3)     (re) building resilience and addressing vulnerability. As much as providing key objectives, strategies serve also the purpose of packaging what each organisation is able or has already started to do under a narrative ‘chapeau’.

      Most of Sahel strategies are multi-disciplinary, multi-dimensional and holistic in their approach as a result of consultation with the countries’ concerned. While this may be theoretically re-assuring, it may also create a risk of dilution of responsibilities and accountability. The main challenge in the Sahel will be to ensure sustainable synergies between all implementing agencies.

      The Geographical Meaning of the Sahel

      Strategies tend to cover three core countries (Mali, Mauritania and Niger) but their geographical scopes vary greatly over time, from the Atlantic Ocean to the Red Sea (in the case of the African Union). With the exception of the African Union’s strategy that includes Algeria and Libya, a commonality is the relative absence of clearly functioning cooperation frameworks with North Africa shows a variety of mental maps applied to the Sahelo-Saharian space and Sahelo-West African areas. Yet, a persistent volatile environment in Northern Mali remains at the epicentre of international mobilisation. 

      Linkages Between Strategies, Funding, Implementation and Evaluation

      With few exceptions like the World Bank, the EU and the AfDB , most strategies until February 2014 did not present detailed analysis of the financial means required for implementation. Documents usually concerned already committed funds and on-going initiatives or potential programmes to be implemented with the support of funding partners. Action plans are work in progress (the African Development Bank launched a Sahel Action Fund) and updated information was shared at this week’s coordination platform in Bamako. Strategies also rarely mention specific monitoring and evaluation mechanisms based on lessons learnt from previous experiences of international cooperation in the region.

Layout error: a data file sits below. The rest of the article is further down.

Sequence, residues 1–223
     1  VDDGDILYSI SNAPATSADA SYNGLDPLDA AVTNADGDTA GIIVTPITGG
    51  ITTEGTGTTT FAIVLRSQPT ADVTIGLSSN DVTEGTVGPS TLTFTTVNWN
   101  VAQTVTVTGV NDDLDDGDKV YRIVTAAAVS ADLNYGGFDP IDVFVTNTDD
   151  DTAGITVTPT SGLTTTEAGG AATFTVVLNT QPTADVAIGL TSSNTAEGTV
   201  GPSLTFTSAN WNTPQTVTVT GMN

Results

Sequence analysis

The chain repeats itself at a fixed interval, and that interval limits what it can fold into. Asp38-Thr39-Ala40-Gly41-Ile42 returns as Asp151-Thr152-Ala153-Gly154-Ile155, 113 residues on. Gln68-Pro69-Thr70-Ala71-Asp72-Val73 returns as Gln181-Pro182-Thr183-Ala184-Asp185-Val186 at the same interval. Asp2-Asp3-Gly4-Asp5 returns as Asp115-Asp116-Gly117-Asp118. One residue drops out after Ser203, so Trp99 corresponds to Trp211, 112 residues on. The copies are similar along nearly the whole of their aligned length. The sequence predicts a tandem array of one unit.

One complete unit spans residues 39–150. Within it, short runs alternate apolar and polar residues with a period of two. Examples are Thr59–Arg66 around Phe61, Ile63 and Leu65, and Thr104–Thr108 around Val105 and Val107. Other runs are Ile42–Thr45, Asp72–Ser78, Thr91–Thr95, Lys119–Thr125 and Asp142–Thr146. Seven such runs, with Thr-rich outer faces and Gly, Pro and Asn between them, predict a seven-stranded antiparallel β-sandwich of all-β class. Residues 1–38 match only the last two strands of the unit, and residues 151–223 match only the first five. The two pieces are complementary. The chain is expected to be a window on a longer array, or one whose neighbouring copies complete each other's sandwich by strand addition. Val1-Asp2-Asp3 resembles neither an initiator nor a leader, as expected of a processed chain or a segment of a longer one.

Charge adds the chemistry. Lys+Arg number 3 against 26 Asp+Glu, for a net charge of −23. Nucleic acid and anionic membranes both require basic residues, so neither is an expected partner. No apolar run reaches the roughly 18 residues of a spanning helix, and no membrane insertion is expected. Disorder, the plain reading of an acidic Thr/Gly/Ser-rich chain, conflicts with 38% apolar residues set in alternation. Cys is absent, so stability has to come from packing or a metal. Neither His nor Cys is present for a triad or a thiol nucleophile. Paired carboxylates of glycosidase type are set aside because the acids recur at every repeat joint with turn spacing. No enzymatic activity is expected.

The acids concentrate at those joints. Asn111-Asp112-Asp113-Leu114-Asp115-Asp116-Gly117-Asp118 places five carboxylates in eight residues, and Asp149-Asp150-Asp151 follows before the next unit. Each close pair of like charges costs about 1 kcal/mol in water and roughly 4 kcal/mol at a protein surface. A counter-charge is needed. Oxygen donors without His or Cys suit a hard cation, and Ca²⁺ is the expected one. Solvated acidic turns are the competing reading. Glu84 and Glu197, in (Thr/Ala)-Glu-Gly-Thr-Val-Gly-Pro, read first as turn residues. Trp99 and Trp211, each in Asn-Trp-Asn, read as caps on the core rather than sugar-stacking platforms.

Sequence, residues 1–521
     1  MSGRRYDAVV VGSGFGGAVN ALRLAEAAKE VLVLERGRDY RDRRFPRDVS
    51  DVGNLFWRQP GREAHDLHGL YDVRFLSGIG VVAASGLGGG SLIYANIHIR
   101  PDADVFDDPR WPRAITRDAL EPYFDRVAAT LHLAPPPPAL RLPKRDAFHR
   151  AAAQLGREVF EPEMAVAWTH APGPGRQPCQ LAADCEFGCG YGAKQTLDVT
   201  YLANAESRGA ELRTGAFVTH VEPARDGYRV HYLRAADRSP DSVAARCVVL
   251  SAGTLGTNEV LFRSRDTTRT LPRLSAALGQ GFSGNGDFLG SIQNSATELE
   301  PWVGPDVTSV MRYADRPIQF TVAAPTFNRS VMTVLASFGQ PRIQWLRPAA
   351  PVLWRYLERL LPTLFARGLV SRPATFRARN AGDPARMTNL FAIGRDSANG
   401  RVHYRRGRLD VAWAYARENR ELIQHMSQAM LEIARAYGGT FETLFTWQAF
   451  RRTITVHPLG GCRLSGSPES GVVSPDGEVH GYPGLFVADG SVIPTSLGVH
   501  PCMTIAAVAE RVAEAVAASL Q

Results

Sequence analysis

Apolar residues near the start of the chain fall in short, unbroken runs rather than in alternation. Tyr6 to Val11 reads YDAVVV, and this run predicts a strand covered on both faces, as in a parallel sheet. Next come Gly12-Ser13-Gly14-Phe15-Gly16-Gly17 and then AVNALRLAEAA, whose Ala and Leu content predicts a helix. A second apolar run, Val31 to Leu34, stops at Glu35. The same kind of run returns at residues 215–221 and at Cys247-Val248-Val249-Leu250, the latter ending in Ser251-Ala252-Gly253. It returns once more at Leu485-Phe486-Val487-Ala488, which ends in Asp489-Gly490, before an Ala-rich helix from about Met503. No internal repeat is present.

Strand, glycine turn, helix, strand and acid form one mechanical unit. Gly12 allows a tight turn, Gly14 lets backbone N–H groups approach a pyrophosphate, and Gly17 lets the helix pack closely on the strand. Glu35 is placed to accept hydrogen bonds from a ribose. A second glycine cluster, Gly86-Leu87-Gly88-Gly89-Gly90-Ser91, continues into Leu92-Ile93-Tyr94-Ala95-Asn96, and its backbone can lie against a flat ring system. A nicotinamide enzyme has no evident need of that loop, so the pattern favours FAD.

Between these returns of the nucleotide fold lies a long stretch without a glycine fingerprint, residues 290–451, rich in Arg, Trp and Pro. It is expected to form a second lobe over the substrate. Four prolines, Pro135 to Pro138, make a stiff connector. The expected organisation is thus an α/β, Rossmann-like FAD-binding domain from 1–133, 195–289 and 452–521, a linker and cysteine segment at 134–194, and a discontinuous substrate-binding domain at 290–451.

Cooperation, Coordination and Burden Sharing with Sahelian and other International Actors

      The lack of coordination is often mentioned as a challenge in several strategies, which in turn have suggested their own coordination mechanisms. A serious risk of anarchy in international support existed until November 2013, when intense diplomatic discussions led to the adoption of a coordination platform chaired by a country of the region (Mali until 2016) and supported by a joint AU-UN technical secretariat.

      In early 2014 some countries and organisations, including ECOWAS and CENSAD, set up or proposed other initiatives to coordinate actions in the region. A new initiative is notably the G5 group of Sahel states, launched in February 2014 and gathering the heads of states of Burkina Faso, Chad, Mali, Mauritania and Niger under the presidency of Mauritania.

      Given the variety of coordination frameworks, the risk of duplication cannot be excluded. The main question is how will various coordination mechanisms build their legitimacy over time? This will be examined in our next blogs on international strategies for the Sahel. 

      The views expressed here are those of the authors, and may not necessarily represent those of ECDPM